More than 200 applications on the Google Play store have, until recently, allowed cybercriminals to deliver malicious Web content to victims’ phones, likely garnering tens of millions of dollars.
A heart rate and pulse tracker. A chat translator. A slime simulator. And a fingerprint “defender.” Using more than 200 such low-key applications, a cybercriminal group created a platform for delivering fraudulent content and siphoned tens of millions of dollars from victims, mobile security firm Zimperium states in a new analysis.
The platform, which the company dubbed “GriftHorse,” consists of unassuming Android apps — the most popular of which had less than 1 million downloads; most had far fewer. When installed, these apps would inundate the user with five popup alerts every hour, notifying them they won a free gift. Clicking through the popup leads to a page that asks for the user’s phone number. If the victim enters their number, the GriftHorse server automatically signs them up for several premium SMS text services.
The understated applications managed to fly under the radar and avoid antivirus detection, says Richard Melick, director of product strategy for endpoint security at Zimperium.
“The application themselves are obscurely boring, but there are a lot of them,” he says. “They are not malware on the surface. Instead, they are actually pulling in Web content in a browser, essentially, and bypassing a lot of security.”
The GriftHorse operation has been phenomenally successful. The Trojan applications are installed on between 4 million and 17 million devices, have targeted users in more than 70 countries, and likely generated between €1.2 million and €3.5 million (USD$1.4 million to USD$4.1 million) every month, Zimperium researchers state in their analysis. The campaign has been active since November 2020.
The success of the operation is in its understated programs that did not trigger notifications from antivirus tools or Google Play Protect, the service that scans apps before users download them. The Trojan horse applications did not initially have malicious code but instead downloaded the capabilities after installation, making their true purpose harder to determine.
“These cybercriminals took great care not to get caught by malware researchers by avoiding hardcoding URLs or reusing the same domains and filtering [or] serving the malicious payload based on the originating IP address’s geolocation,” Zimperium researchers state in the analysis. “Overall, GriftHorse Android Trojan takes advantage of small screens, local trust, and misinformation to trick users into downloading and installing these Android Trojans, as well frustration or curiosity when accepting the fake free prize spammed into their notification screens.”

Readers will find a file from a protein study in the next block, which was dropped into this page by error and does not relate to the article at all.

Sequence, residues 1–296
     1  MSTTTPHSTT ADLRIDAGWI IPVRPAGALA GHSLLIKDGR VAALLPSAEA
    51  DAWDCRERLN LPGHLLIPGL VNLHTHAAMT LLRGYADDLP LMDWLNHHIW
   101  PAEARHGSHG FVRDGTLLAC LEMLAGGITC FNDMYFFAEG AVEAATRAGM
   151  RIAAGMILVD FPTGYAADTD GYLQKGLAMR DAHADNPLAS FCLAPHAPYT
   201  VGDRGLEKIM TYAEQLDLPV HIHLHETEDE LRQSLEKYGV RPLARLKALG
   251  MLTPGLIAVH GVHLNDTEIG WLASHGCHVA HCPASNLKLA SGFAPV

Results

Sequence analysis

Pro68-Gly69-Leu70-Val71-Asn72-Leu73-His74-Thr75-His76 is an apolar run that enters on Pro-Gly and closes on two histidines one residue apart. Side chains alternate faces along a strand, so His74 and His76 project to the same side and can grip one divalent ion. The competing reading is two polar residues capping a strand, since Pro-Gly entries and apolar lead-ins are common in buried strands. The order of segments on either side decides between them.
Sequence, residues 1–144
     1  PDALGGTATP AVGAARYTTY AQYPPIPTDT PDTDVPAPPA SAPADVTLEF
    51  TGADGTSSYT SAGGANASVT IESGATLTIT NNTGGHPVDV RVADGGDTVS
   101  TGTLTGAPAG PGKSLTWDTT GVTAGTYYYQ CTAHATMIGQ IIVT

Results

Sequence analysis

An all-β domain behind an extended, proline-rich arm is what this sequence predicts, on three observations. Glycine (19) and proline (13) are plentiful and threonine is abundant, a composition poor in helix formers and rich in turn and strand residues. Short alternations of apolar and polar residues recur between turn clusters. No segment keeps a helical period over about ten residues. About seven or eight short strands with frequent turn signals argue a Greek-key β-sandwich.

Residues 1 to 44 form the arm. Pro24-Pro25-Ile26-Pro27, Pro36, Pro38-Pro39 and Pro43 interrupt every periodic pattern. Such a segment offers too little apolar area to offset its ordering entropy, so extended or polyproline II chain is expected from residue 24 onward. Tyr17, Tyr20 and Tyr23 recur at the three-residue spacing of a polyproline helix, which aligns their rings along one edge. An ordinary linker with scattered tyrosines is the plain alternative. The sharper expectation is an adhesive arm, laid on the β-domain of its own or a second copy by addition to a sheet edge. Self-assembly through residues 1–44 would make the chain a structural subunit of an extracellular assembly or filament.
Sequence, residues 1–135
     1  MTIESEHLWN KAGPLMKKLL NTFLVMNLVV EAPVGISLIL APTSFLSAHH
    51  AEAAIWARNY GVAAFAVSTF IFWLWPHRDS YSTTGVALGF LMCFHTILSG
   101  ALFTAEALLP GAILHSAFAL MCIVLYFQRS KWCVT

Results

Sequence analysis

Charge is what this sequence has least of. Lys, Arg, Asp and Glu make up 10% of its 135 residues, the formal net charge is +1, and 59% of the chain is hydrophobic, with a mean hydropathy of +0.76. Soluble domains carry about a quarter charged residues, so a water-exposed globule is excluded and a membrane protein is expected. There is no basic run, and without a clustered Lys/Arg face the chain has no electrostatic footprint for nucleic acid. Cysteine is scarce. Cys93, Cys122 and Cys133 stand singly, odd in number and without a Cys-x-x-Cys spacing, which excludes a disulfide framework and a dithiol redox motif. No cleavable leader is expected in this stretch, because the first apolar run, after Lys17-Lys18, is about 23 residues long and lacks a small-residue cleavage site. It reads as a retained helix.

Almost half of the apps (48%) are classified as tools, while 13% are entertainment. Lifestyle and personalization applications each make up 6%. The rest of the Android apps are scattered across 15 other categories. Google removed the applications after being notified of the scam by Zimperium, the security firm said.
In addition to sneaking past antivirus defenses, the operation succeeded for two other reasons. First, the annoying popups may make the scheme obvious to some users, but others — used to popup advertising — are falling victim to the attack.
“Users just want to click [on the ad] and make it go away,” Melick says. “It takes advantage of the user’s engagement with their phone.”
Second, in most cases, premium SMS subscriptions do not come with a notification and can often be hidden on bills. Vigilant consumers have an advantage in that they can recognize an increase in their monthly bill. Companies, however, may not notice a higher bill if only a few employees’ phones are compromised, Melick says.
“They are managing hundreds of phones on a single bill, so … this is a rounding error for them,” he says. “Organizations could be losing money every month because they don’t realize this charge is happening.”
The successful scheme also highlights the vulnerability of the decades-old service for charging for premium SMS messages, which is a perfect vehicle for fraud, says Melick. Usually, there is no ongoing notice of an impending charge, so users may not know they paying for a “premium” service until they detect the charge in their bill.
“Premium SMS is a relic of pre-Google Play Store and pre-Apple App Store — there is no reason for it to exist anymore,” he says. “If you want to deliver a legitimate service, you are not going to do it through premium SMS. I can’t think of an honest reason — it should be retired to the graveyard of old tech.”